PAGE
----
More than 60 million Germans are summoned this Sunday to elect their representatives in the Bundestag. The appointment to decide the course of the country after the Merkel era is conditioned by the high number of citizens who do not know who to vote for within hours of the elections. The Forsa demographic institute estimated on Friday 26% of the census to be those who either already know that they will not vote this Sunday or have not decided what to do.
The high percentage of undecided adds even more uncertainty to an election in which the two majority parties, the Social Democrats of the SPD and the Christian Democrats of the CDU, are very evenly matched, although with a slight advantage over the former. The lack of a leading figure like Chancellor Angela Merkel increases the volume of undecided at a time when the majority parties are losing their power of attraction. The votes are less and less captive and fluctuate more easily from one option to another. Both the Christian Democratic candidate (CDU), Armin Laschet, and the Social Democrat, Olaf Scholz, have reiterated this morning when voting their calls for participation in a decisive day.
This Sunday, the center of Berlin has dawned with cuts in many streets. The reason is not the federal elections, but the marathon that this year brings together some 25,000 people. In addition to electing members of the Lower House of Parliament, there are also regional elections in Berlin and in the eastern state of Mecklenburg-Western Pomerania. In addition, in the capital, a non-binding referendum is held on the expropriation of homes from the large holders. But these are all minor battles. The most important thing is the Bundestag. And the government to get out of there.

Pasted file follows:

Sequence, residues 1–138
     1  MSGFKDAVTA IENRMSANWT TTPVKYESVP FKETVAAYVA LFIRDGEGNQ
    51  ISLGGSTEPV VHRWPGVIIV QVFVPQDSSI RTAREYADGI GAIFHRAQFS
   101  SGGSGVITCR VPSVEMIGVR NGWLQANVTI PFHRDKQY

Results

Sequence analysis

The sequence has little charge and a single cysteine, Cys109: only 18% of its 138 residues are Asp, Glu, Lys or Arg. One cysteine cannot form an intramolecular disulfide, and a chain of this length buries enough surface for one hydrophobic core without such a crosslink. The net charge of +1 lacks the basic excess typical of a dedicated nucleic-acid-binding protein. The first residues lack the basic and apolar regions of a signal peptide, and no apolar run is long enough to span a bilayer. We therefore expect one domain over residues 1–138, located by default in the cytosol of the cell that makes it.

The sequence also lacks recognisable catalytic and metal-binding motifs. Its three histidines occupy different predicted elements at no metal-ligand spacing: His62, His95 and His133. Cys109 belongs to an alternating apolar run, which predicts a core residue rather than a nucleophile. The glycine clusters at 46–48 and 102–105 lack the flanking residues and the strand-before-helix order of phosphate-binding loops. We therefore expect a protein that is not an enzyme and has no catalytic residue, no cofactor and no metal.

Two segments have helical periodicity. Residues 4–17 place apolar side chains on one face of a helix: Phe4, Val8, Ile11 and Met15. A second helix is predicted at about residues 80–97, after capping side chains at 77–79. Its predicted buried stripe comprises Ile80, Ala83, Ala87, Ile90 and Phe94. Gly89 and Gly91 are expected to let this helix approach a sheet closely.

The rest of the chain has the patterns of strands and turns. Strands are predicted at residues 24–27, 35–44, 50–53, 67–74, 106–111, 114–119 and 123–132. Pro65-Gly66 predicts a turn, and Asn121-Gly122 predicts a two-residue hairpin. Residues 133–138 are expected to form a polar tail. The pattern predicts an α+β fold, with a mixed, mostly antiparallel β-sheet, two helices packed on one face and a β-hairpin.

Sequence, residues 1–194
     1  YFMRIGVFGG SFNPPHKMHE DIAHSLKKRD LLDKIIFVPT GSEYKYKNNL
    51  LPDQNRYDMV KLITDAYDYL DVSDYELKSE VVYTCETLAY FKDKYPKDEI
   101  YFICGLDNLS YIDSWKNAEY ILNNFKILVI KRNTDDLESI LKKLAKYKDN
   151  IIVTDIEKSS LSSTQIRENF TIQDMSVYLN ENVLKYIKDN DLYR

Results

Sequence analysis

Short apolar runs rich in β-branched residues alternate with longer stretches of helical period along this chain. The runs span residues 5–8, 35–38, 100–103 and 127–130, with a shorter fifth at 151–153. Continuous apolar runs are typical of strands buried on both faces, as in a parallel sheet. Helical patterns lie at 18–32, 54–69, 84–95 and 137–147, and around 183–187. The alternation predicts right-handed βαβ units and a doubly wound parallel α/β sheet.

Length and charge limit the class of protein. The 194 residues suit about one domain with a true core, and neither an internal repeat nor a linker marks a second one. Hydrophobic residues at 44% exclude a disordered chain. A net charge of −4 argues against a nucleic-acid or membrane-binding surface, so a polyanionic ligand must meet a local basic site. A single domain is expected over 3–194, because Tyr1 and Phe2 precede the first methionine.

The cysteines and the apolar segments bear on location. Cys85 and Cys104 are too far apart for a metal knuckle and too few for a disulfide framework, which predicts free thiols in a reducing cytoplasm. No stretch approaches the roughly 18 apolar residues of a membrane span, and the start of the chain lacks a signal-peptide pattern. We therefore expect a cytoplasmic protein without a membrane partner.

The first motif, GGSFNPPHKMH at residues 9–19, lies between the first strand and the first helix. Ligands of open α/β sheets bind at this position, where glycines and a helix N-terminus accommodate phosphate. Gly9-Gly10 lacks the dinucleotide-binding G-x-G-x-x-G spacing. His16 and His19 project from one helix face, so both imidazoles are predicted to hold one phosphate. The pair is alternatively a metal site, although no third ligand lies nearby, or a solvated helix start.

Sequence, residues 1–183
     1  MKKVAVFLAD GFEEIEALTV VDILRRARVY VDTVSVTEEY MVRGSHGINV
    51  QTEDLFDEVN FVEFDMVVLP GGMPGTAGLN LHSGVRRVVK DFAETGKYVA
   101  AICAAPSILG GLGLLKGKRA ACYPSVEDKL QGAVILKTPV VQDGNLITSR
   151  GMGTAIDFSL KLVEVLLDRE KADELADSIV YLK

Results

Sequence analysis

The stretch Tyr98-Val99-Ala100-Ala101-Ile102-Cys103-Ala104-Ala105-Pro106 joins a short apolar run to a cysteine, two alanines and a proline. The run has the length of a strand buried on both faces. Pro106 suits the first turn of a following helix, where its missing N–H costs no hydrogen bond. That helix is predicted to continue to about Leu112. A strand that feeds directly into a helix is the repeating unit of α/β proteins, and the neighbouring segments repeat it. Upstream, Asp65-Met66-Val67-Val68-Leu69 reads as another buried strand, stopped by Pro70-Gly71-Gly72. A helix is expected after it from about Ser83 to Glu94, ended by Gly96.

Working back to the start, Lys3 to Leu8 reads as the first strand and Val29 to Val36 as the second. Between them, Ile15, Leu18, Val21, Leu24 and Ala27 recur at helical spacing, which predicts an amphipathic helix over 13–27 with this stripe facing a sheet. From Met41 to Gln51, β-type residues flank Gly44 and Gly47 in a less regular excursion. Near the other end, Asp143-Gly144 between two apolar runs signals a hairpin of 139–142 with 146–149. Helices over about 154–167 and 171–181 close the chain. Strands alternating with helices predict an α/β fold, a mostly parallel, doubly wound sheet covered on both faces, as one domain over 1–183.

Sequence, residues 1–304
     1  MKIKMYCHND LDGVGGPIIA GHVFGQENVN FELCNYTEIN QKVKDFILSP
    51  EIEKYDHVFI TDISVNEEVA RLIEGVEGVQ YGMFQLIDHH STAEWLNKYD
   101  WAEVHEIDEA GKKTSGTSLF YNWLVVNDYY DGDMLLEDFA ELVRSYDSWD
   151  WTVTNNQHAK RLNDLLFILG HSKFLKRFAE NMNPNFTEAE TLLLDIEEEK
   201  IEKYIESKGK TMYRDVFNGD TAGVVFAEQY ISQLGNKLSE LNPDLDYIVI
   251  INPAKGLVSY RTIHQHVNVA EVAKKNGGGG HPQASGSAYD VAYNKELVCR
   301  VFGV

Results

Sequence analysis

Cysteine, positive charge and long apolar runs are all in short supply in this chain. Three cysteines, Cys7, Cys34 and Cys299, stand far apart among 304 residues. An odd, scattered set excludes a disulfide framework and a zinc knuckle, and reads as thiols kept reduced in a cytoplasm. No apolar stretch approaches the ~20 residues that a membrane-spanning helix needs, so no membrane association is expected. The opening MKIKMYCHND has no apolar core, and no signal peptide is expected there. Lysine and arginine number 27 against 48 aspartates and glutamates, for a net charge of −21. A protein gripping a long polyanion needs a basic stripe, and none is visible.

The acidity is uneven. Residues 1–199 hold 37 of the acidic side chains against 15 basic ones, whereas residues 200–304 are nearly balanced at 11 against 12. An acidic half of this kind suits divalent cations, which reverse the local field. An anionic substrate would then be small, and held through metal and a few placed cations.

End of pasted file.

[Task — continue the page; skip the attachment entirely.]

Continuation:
The parties have appealed in the last days of the campaign to the vote of the undecided. There you can decide very open elections, vital for the future of Germany and Europe. Despite a campaign very focused on national issues, the government that comes out of these elections will have a leading voice in the major issues that affect Europe: reform of spending rules, response to the challenge of immigration and climate change and how face a global panorama in which the United States retreats with its eyes on the Pacific and the EU tries to stop its specific weight loss.
Armin Laschet (for the CDU) and Olaf Scholz (for the SPD) are the main contenders in a battle in which it will also be key to observe what happens with the Greens and with the liberals of the FDP. These two parties can collide with both Laschet and Scholz. “Among the undecided there are more ex-voters from Angela Merkel’s party than from the Social Democrats,” explains Manfred Güllner, from Forsa. “It is questionable that the mobilization of the CDU in the last hours before the elections will significantly reduce the gap with the SPD. Although it is not impossible ”, he adds.
“The situation is very dynamic,” explained this week Judith Klose, head of communication at the Civey demographic institute, which conducts online opinion polls. “It is very difficult to know what will happen. Many citizens will have voted by mail and it is impossible to know at what point in the campaign they did so and what might have influenced them. Also, this year we have more people who decide at the last minute, “he said in a meeting with journalists. The expert reviewed the trends of the parties during the campaign, in which it is observed that the trajectory of the SPD in voting intention has always been upward, while those of CDU-CSU and Los Verdes have suffered ups and downs.
Civey analyzes the potential of parties by asking citizens who they imagine voting for. The CDU obtained 40% before the summer, but this week it was already at 30%, while 32% of those polled imagined themselves voting for the SPD, whose percentage has not stopped growing in recent weeks. According to their polls, the three main themes of the campaign have been the environment, pensions and social protection and the economy. The results will begin to be known from six in the afternoon, when the polling stations close.
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